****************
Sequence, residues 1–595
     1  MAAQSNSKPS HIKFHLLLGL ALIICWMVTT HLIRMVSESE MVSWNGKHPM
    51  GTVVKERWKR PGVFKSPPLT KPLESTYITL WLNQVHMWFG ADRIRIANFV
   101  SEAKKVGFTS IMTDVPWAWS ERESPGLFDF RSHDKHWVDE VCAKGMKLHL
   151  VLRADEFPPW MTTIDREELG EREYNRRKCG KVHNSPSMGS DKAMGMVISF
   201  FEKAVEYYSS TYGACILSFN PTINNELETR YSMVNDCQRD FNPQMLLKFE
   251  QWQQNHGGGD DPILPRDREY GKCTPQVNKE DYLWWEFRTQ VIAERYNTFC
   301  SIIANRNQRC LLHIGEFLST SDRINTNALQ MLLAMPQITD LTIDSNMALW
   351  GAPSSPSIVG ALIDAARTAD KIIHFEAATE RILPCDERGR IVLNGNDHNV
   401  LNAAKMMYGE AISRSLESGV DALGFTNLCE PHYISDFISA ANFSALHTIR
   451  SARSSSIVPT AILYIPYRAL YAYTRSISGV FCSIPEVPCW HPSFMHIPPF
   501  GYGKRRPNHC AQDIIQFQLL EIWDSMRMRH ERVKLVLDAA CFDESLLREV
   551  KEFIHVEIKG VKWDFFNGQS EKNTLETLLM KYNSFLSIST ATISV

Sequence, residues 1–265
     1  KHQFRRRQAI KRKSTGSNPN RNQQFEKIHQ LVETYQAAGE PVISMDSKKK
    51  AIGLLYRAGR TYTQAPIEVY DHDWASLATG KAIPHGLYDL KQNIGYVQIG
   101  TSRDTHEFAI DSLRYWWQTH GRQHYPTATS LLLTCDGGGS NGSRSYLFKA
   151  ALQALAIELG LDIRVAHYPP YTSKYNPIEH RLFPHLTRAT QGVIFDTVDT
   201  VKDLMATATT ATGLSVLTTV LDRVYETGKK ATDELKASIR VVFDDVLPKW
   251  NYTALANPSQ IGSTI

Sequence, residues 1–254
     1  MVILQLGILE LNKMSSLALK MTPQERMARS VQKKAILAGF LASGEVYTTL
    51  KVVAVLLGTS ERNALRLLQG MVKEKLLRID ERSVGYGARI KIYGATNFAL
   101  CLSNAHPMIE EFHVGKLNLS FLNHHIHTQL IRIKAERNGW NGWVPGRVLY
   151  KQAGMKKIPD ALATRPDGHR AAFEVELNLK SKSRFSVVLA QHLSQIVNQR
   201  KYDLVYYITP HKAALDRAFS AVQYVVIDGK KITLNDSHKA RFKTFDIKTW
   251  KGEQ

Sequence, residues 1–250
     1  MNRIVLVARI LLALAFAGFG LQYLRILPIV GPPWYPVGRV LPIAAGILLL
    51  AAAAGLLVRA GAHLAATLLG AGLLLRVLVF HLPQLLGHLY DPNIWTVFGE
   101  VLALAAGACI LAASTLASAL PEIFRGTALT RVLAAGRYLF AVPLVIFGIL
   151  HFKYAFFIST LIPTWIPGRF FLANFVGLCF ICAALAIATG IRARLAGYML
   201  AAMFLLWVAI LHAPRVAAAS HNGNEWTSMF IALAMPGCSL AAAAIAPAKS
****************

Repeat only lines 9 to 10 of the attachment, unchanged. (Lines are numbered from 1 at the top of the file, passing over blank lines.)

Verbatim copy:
   351  GAPSSPSIVG ALIDAARTAD KIIHFEAATE RILPCDERGR IVLNGNDHNV
   401  LNAAKMMYGE AISRSLESGV DALGFTNLCE PHYISDFISA ANFSALHTIR